RNA conferences are fully catered, but you still need to let them know in advance if you have a special diet, which means everything from vegetarian to 'I only eat peas'. RWA conferences, on the other hand, only cater a couple of meals, usually a keynote luncheon and an awards luncheon, and maybe a dessert reception for the Ritas. Serving two thousand people is a slow business, and you'll have to tell the staff about seven times before they stop putting a plate of chicken down in your vegetarian place setting. Quite often, I am sorry to tell you, instead of chicken and vegetables, you'll get vegetables and vegetables. There is often one 'special diet' meal for everyone from vegetarian to 'I only eat peas'. So try and get a good breakfast, or do what I do and take cereal bars to munch on.
|Gala dinner, RNA conference Greenwich 2010|
You might get a refrigerator in your room for milk & soft drinks, or for vodka if you prefer. I'd advise a little bottle you can keep in your bag, to refill with water. You'll be talking a lot, and getting really thirsty.
If you're British and you're going to America and you want to drink tea, take your own. And a kettle. American hotel rooms have coffee makers, which are lousy for tea.
At RNA conferences, we're legendary for our wine consumption. The bar often runs out, and we have kitchen parties, like students. So take some wine with you, and anything else you fancy like chocolate or crisps, because there probably won't be a shop on site.
At RWA conferences, everyone drinks Coke or iced tea. Maybe a margarita in the evening. Us British winos are a minority. Just sayin'.
8. Pitching books
I'll put this right out there: desperation stinks. I've heard of editors being pitched books while they're trying to go to the toilet. It's not the time, people. If you find yourself in close proximity to an editor you want to impress, engage her in conversation some other way (I was once told the best opening line is: "Can I buy you a drink?"). Get her to remember you in a good way, not as "that crazy bitch who shoved her manuscript under the toilet cubicle", so that when you send her your query letter, you can say, "You may remember meeting me at the RWA conference in Anaheim." She might not remember you, but then again she might, and you want that memory to be along the lines of "Yes, she seemed friendly and professional, I'd like to work with her."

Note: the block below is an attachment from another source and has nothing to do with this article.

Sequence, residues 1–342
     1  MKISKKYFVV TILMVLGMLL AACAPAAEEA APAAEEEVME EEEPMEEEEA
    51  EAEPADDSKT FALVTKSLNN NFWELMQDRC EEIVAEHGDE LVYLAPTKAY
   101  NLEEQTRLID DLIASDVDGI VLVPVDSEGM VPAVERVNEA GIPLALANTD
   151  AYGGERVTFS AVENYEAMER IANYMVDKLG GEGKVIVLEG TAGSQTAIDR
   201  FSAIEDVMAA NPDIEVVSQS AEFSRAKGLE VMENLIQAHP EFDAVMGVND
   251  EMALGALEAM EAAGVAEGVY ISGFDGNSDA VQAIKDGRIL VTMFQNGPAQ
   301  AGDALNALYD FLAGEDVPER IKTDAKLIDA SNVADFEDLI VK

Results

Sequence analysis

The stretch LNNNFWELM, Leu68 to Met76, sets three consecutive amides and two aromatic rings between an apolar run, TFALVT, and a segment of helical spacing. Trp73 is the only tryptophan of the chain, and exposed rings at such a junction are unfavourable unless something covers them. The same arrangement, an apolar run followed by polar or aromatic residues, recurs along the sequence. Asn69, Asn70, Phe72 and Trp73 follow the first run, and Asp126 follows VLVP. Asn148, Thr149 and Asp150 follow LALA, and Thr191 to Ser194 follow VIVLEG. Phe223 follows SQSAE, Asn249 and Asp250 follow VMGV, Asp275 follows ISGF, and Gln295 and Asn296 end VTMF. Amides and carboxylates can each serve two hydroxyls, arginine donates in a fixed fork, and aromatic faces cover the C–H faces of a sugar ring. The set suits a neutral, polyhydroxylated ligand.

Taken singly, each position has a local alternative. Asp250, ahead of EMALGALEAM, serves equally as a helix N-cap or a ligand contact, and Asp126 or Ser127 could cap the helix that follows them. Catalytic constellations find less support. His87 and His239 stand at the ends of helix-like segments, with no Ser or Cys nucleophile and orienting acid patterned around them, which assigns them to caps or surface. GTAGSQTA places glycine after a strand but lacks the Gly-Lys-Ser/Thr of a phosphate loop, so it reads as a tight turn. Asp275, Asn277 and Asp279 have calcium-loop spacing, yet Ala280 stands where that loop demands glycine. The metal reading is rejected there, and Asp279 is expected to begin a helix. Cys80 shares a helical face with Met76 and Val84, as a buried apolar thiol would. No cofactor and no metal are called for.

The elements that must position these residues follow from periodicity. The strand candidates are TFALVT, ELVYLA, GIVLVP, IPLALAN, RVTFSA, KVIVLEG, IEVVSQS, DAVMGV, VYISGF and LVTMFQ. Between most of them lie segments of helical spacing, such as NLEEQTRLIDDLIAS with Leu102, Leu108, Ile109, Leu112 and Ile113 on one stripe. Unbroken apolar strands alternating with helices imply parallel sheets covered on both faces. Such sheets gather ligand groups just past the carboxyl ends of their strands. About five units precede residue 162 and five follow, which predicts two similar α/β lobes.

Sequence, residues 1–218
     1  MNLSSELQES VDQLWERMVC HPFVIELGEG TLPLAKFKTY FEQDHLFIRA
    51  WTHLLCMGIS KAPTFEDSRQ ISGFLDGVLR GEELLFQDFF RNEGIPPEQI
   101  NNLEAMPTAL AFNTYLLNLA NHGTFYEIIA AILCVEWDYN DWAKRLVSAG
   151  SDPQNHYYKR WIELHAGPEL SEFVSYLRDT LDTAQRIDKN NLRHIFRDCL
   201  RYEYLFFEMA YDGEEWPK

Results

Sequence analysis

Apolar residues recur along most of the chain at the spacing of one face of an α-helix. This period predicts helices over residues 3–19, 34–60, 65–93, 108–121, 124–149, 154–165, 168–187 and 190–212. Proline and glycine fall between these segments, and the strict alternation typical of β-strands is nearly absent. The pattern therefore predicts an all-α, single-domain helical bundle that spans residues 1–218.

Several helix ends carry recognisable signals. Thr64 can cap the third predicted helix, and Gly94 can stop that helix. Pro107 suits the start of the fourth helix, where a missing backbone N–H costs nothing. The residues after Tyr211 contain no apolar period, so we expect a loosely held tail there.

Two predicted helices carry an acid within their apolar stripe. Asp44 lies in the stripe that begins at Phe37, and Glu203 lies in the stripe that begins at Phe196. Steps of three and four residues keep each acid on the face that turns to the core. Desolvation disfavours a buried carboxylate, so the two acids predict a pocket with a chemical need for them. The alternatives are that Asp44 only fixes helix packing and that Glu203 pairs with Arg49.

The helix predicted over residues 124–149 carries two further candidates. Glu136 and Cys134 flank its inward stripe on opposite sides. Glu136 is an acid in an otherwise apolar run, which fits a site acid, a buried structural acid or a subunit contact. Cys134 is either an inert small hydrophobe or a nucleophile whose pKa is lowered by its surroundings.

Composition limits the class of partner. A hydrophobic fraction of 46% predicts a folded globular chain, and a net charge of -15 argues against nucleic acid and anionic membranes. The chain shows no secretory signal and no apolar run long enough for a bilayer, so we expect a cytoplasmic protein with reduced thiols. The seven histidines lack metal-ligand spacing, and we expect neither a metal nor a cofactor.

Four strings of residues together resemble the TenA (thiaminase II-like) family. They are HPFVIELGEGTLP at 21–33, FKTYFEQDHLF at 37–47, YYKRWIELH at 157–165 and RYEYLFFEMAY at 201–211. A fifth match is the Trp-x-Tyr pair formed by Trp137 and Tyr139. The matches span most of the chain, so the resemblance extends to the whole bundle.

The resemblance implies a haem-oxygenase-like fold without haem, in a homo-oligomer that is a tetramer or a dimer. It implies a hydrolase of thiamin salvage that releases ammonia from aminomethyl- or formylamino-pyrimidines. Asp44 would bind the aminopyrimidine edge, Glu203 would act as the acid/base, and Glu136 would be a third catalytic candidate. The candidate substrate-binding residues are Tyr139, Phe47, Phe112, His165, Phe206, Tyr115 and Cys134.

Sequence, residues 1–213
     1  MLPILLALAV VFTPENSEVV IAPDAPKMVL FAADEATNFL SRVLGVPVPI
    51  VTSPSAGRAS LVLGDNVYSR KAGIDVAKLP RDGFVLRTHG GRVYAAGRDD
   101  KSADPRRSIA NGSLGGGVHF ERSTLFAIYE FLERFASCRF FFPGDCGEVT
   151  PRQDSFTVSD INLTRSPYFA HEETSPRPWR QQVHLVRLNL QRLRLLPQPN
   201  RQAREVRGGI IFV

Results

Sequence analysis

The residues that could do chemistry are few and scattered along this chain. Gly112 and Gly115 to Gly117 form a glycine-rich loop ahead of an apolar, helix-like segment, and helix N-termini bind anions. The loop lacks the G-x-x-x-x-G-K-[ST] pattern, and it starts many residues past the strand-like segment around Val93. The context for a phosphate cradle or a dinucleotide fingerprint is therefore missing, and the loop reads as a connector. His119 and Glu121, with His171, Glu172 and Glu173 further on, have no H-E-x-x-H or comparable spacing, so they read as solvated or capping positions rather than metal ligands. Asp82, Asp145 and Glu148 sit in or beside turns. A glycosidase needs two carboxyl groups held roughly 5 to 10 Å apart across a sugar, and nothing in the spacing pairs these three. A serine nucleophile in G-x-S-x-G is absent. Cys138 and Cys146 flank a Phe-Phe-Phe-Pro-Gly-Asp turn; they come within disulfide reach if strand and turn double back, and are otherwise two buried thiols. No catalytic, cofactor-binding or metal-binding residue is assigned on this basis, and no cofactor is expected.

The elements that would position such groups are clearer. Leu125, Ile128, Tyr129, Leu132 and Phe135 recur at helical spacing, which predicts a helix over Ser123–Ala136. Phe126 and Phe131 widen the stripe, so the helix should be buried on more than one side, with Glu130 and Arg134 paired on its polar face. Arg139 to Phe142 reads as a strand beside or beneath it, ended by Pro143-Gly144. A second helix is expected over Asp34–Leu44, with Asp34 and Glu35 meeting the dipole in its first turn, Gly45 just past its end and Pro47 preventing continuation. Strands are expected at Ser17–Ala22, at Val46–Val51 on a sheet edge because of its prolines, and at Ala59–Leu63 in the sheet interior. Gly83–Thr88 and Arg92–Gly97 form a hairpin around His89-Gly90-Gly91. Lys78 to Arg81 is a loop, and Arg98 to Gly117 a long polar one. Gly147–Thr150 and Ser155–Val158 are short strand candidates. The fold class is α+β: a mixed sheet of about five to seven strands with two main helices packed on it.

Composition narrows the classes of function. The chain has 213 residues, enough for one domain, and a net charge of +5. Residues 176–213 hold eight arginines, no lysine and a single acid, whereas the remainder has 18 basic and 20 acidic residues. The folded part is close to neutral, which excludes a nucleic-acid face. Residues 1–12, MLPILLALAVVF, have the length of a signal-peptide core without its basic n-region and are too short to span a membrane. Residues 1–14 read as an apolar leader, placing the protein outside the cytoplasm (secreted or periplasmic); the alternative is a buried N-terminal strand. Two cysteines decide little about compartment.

Don't shove your book at editors and agents. Don't take copies of your manuscript to conference. Don't launch into a prepared pitch, unless you are, of course, at an appointment to do just that. If you are, find a short 'elevator pitch' way to describe your book, and be prepared to just chat about it. Trust me, if you sell the book, you'll describe it to so many people, over and over, you'll be doing it in your sleep.
9. Workshops and sessions
There's a whole breadth of information on offer at these conferences, and it can get a little overwhelming. My first RWA conference, I was at workshops from 8am to 8pm some days. I was exhausted. Pick and choose, and if there's nothing you fancy or you're just too tired, go back to your room for some downtime. If you're as introverted as most authors, you'll probably need it after all that socialising.
Also, it's a bit late for this year, but if you're prone to jetlag (if you've never flown transatlantic before, why risk it?) try to arrive a day early, if you can afford it. If you find you're fresh as a daisy, you've always got extra time for sightseeing.
10. Have fun
That's the most important thing. Yes, this is a business, and yes, it's your career. Don't lose sight of that. But remember there are about a billion other careers which are easier and more secure than writing for a living. If you're not having fun, why are you doing it?